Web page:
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BEIJING, May 13 (Xinhua) -- A total of 79 passengers entering China showed fever or other flu-like symptoms from Monday to Tuesday, said the General Administration of Quality Supervision, Inspection and Quarantine (GAQSIQ) Wednesday.
Their cases have been handed to local health departments for further observation or treatment, the ministry said.
A total of 697 passengers entering China have been found to have fever or other flu-like symptoms among 5.97 million passengers screened when entering China from April 25 to May 12, the administration said.
The GAQSIQ has been quarantining planes, ships, trains, automobiles and other vehicles from the countries affected by outbreaks of A/H1N1 flu.
The World Health Organization is investigating claims made by an Australian researcher that new the H1N1 swine flu virus may have evolved as result of human error.
Adrian Gibbs, 75, said he planned to publish a report saying the never-before-seen strain of influenza may have evolved in eggs used to grow viruses for scientific research and vaccine development, according to Bloomberg News.
The noted virologist said his findings could help better understand the microbe's ability to spread.
World Health Organization Assistant Director-General of Health Security Keiji Fukuda is reviewing the study, Bloomberg reported.
If Gibbs' research is confirmed, Fukuda said it will raise many new questions about the new strain.
GAINESVILLE, Fla. — As scientists rush to figure out how the virus responsible for the current influenza outbreak originated, a group of the world’s experts on evolutionary biology — including a University of Florida team — has set aside some academic traditions to work together toward a solution.
Rather than rush to publication with their individual findings on the current flu outbreak, the computational biologists have opened their work in progress to each other and the public through a Web site: tree.bio.ed.ac.uk...
Researchers in Britain came up with the idea to rapidly release data analysis results. The site allows a broad collaborative yet independent effort by allowing registered users to post their results and comment on the work of others. Contributors hail from institutions around the world, including the University of Oxford, the University of Edinburgh, the University of Florida, the University of Arizona, the University of California-Los Angeles, the University of Hong Kong and Belgium’s Rega Institute.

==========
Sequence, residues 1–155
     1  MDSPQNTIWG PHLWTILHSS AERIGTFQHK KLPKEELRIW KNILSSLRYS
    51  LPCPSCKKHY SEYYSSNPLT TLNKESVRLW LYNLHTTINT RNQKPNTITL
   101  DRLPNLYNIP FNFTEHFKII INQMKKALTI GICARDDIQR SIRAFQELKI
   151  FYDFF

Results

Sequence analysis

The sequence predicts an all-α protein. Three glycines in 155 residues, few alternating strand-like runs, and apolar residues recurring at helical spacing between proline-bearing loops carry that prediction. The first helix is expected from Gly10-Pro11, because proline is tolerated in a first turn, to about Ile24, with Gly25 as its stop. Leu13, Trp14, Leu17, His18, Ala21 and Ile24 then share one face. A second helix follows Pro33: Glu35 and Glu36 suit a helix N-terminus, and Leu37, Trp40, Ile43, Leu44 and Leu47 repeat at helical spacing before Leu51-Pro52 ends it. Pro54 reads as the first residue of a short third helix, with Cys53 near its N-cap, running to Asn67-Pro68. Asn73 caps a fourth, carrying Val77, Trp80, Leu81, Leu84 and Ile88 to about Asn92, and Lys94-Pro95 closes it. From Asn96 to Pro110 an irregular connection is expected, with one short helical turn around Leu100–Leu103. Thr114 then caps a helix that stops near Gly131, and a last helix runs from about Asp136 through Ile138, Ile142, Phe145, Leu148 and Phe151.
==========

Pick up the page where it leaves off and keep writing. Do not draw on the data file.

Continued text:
Adrian Gibbs, 75, who collaborated on research that led to the development of Roche Holding AG’s Tamiflu drug, said in an interview that he intends to publish a report suggesting the new strain may have accidentally evolved in eggs scientists use to grow viruses and drugmakers use to make vaccines. Gibbs said he came to his conclusion as part of an effort to trace the virus’s origins by analyzing its genetic blueprint. “One of the simplest explanations is that it’s a laboratory escape,” Gibbs said in an interview with Bloomberg Television today. “But there are lots of others.”
Originally posted by redhead57
Good morning fellow flu followers.
I am sick as a dog with a nasty cold with headache and bad chest congestion so I have been down for a couple of days.
We have heard nothing at all about this flu here in Rochester, I have no clue as to the results of the other tests. Having read the new articles posted, it is clear that we are still riding blind.
I agree that ats has been on the lead with the flu, I have learned far more here than any other place available. I appreciate all of you and your hard work.
Many people suffering from swine influenza, even those who are severely ill, do not have fever, an odd feature of the new virus that could increase the difficulty of controlling the epidemic, said a leading American infectious-disease expert who examined cases in Mexico last week......
“It surprised me and my Mexican colleagues, because the textbooks say that in an influenza outbreak the predictive value of fever and cough is 90 percent,” Dr. Wenzel said.
Studies have shown that influenza flourishes when the air is generally dry and cold. One study done by the Oregon State University indicated that low humidity alone is the key. This could explain why the flu seems to be rampant during the winter when indoor household humidity levels are very low.
At Halmahera health center in Semarang, for example, there were at least 200 75-miligrams capsules, which were produced in March 2006 and expired in February this year.